for days the world shifted into some kind of something i’d never seen before, like it bubbleized, and i was smack there in the center. life became a cell and i was the nucleus, the kids floating about in the cytoplasm too, dna and mitochondria-like. the cell was exactly the size of our apartment, lo and behold. there was nothing beyond those crazy cell walls. they held us together so we didn’t float apart into the unpredictable dynamic called Everybody Else’s Life. 

i cried, because that’s what nuclei do (so i’ve decided) and i wrastled the cosmos for answers to all the interrogatives, knowing i’d get nothing in return. i pouted, whined and let my senses get knocked about by the steel-bright sun and rna-stored smells from pasts i’d like to forget. just thinking made me nauseous so 70% of my energy went into emptying my mind. no thought no thought don’t think don’t think don’t think. hostile forces gathered on the other side of the mail slot and occasionally dispatched messengers to shove their cruelty past the flaps and into our warm home, financial viruses delivered to break my spirit and remind me of the vulnerability of even the best of membrane-based defences. 

i ate crackers and drank home-made lattes. i took naps at nap-long intervals. i sobbed as quietly as i could in the bathroom, emerging red-eyed and weakened, stunned that my spirit was as fragile as all this. who had broken me, and how, and what could possibly put me together again? where do things go when they disappear? endless questions pinging through my addled mind. 

the day came, though, when i had to emerge from my kúlu-kennd safety. i took a shower, washed my hair, and let it decide if i was truly ready to go outside. i helped it dry, and watched as it shaped itself into something pretty wonderful. i dabbed some powder on my face and, with caution, darkened my mite-hosting lashes wondering if the final image in the mirror would smile softly back at me. it did, so the day had come to present it again to the world.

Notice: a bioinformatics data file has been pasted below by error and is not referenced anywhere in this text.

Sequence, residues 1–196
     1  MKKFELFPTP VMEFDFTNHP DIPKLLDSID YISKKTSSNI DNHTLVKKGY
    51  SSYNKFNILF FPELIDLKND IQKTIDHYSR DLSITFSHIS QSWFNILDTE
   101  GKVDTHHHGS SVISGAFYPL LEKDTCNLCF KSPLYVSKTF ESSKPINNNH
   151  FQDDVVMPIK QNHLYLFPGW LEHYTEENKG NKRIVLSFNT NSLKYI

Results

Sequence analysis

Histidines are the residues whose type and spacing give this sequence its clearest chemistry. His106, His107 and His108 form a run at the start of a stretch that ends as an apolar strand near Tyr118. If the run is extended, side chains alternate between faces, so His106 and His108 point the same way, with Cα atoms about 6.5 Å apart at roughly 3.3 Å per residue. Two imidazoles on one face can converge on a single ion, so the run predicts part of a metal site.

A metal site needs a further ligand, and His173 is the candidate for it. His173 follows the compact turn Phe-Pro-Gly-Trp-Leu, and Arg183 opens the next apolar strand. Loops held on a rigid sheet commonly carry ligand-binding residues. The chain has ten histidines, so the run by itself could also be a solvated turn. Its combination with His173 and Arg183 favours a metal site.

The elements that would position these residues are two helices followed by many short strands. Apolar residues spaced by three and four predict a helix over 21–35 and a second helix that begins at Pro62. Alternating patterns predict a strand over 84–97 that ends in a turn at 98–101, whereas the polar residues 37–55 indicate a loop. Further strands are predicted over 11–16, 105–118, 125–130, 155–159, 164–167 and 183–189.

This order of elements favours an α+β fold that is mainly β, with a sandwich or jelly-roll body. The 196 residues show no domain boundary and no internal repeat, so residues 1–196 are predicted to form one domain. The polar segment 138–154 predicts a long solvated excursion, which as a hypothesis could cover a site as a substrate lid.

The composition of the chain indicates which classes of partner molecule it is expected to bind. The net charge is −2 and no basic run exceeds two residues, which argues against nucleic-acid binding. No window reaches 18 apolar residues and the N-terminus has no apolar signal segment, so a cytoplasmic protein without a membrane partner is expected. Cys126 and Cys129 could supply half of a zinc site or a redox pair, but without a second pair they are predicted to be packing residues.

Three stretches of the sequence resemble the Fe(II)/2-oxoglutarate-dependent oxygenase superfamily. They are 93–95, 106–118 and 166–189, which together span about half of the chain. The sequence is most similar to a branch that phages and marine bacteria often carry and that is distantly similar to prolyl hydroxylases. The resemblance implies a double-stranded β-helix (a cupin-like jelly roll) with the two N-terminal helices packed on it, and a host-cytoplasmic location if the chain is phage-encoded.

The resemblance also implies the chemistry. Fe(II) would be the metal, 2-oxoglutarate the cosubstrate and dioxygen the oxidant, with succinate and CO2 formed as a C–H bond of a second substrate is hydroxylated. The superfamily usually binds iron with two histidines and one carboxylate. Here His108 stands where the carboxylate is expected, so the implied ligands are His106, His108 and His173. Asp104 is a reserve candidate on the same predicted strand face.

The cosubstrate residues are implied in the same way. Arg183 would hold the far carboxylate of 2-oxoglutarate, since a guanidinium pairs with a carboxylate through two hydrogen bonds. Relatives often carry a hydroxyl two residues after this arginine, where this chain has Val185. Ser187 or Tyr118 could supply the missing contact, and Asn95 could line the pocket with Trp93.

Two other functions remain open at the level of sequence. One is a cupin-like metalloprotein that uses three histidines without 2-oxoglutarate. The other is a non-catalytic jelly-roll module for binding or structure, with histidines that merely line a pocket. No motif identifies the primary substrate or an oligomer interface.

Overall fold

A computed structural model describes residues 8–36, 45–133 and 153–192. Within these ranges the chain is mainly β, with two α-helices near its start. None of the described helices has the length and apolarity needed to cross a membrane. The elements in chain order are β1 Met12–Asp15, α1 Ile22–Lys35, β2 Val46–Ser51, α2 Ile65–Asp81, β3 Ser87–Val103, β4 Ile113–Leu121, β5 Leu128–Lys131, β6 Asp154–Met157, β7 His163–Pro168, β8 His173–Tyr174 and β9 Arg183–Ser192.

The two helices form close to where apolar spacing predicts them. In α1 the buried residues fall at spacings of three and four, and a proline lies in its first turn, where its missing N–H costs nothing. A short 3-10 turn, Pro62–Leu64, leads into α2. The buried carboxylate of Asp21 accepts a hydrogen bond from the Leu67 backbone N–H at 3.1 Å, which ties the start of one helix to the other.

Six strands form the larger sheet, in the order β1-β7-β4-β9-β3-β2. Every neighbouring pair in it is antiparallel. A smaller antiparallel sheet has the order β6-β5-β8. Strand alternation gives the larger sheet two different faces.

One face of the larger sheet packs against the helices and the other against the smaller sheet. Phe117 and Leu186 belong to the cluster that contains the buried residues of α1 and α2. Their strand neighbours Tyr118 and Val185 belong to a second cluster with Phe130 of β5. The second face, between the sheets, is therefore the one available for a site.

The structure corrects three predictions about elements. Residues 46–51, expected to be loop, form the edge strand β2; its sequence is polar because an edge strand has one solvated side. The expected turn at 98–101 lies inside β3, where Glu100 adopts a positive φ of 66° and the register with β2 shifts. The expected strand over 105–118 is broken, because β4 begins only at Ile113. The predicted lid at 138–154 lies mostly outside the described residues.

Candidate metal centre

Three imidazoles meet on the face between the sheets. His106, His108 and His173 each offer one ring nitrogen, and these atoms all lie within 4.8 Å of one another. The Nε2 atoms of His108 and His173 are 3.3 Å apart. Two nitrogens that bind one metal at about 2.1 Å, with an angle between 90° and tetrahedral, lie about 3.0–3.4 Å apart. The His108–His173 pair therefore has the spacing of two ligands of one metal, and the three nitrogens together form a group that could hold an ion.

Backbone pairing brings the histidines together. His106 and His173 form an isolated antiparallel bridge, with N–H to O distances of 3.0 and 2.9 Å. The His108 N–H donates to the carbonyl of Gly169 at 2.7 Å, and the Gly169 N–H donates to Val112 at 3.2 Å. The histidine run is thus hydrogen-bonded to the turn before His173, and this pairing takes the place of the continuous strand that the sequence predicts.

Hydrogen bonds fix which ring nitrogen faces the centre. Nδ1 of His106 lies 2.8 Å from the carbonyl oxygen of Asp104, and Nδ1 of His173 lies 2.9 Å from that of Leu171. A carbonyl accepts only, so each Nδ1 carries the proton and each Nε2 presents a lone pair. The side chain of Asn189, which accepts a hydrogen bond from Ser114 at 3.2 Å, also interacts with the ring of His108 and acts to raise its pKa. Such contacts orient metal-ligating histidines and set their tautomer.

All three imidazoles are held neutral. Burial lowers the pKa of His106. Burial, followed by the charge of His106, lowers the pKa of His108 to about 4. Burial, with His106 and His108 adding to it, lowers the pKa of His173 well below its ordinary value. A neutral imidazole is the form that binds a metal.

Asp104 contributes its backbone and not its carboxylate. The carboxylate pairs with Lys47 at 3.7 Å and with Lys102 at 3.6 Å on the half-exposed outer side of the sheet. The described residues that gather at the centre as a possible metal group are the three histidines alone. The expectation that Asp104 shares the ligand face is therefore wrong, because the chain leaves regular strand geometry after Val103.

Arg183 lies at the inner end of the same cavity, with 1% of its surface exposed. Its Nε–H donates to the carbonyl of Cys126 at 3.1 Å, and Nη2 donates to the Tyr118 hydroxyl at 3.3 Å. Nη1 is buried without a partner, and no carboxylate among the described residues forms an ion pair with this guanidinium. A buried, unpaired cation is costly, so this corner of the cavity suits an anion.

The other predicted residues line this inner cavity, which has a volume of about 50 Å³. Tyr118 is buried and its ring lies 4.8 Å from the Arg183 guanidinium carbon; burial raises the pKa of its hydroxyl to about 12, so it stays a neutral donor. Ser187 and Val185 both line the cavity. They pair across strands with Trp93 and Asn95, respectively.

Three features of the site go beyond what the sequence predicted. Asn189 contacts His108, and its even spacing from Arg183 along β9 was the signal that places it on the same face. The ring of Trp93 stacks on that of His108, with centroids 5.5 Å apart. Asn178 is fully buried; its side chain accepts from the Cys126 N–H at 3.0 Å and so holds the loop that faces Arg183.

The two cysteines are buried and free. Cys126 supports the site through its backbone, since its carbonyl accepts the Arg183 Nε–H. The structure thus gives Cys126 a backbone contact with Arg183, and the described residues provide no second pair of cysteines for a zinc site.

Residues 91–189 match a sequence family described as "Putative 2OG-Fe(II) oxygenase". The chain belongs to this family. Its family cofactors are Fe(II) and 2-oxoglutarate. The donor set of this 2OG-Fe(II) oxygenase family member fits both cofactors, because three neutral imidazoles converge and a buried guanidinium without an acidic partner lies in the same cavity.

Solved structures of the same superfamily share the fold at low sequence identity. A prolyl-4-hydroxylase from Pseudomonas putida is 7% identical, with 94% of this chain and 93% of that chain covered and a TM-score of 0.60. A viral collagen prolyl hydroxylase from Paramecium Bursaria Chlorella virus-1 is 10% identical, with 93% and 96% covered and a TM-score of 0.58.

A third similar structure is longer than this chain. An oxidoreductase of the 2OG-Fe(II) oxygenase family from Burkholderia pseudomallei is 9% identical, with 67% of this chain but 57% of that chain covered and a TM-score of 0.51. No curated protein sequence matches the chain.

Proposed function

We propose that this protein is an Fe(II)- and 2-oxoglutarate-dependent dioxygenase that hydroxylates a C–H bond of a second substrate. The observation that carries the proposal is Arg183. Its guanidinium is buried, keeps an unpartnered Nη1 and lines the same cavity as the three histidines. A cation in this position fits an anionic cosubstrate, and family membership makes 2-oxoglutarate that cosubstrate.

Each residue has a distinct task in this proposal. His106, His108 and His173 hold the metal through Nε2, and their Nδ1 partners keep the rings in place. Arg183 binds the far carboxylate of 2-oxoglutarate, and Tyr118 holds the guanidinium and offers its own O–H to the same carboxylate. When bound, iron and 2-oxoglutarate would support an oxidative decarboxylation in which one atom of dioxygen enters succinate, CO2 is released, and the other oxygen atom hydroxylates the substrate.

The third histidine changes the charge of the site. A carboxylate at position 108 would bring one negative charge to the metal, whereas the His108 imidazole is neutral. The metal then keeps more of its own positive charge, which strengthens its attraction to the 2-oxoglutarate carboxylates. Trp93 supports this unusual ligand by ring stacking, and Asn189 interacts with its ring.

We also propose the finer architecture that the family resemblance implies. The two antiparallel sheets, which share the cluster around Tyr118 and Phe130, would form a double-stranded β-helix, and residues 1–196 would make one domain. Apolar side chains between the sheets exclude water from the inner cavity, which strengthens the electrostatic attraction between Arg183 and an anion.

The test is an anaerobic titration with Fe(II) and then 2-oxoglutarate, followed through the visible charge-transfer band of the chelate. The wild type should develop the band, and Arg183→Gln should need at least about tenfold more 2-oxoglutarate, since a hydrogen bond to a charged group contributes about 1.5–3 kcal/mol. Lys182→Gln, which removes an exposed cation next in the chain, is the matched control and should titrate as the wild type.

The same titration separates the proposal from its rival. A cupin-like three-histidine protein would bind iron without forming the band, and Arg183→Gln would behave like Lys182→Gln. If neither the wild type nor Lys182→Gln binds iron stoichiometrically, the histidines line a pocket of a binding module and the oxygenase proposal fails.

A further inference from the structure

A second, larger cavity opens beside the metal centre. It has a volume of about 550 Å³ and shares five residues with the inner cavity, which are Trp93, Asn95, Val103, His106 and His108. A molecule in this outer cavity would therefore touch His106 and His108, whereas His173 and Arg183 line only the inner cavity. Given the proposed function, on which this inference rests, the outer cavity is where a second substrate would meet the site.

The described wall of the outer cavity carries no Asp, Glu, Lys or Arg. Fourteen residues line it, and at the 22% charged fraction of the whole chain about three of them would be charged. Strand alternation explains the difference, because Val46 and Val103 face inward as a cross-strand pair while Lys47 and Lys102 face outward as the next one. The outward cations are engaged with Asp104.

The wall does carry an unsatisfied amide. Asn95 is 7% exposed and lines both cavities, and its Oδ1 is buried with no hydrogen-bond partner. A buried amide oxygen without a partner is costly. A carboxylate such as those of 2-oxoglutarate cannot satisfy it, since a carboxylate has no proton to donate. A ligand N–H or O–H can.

my daughter cheered me on, gave me a mental high five and a verbal firm and friendly slap on the back. go get ‘em, mom! she rooted. her brother was with his father so there was nothing, not even a slimmest excuse, for not carpe-ing the diem. i donned my best urban action pants, and trainers so i’d be able to sprint home in case of doom or danger, parka’d up against the arctic chill, slung my intrepid messenger bag over my shoulder, and stood, ready, at the front door. 

i opened it, felt the outside loft fresh my skin, and heard a crow caw three times as it flew past our tree. this boded well, the gods were on my side. out the gate and into the human rabble, bodies floating past on their way to parts undisclosed. bits of paper with unintelligible writings caught my eye, stuck there and there between fence strats and tufts of freeze-dried grass, and cats crossed my path the way they always do in this town. there was nothing to fear! 

life would unfold as i walked through it the way i expected it to, the way it always had. tourists snapped photos of the neighborhood, some with an amateur’s faith that the high cost of their new compact would guarantee a good result, others with a wannabe pro’s ability to strike and hold an awkward pose while fiddling an ever-fickle fancy lens back and forth before rapidly firing off thirty shots of our chronically non-moving church-style pyramid on the hill. a friendly face greeted me, and gave me a chance to prove that my voice outside the bubble i’d been in still worked. i still existed! 

i wandered streets i have wandered thousands of times and they were as they’ve always been, though in the days prior i’d doubted their core reality. if i am not witnessing a space or a place or a face now, in real-time, it isn’t. nothing is, until i see it. in my bubble i had turned off all the noise, no exterior facts or photos or words infiltrated, making me free to imagine all sorts of wonders and horrors, though i did my damndest to block any idea of anything at all. and now here i was, stepping past that familiar wad of gum long-pressed into the sidewalk in a three-lobed formation, and then there i was at the corner store buying a pack of gum myself, greeting the perpetually high owner as if no days at all had passed. 

just as i suspected, no one but me had noticed my absence! this was easy, this same routine, this path oft-taken, and all my fears were the worries of a insular, brain-fogged and stay-at-home soul who had refused to change out of her pajamas while time whirled by. 

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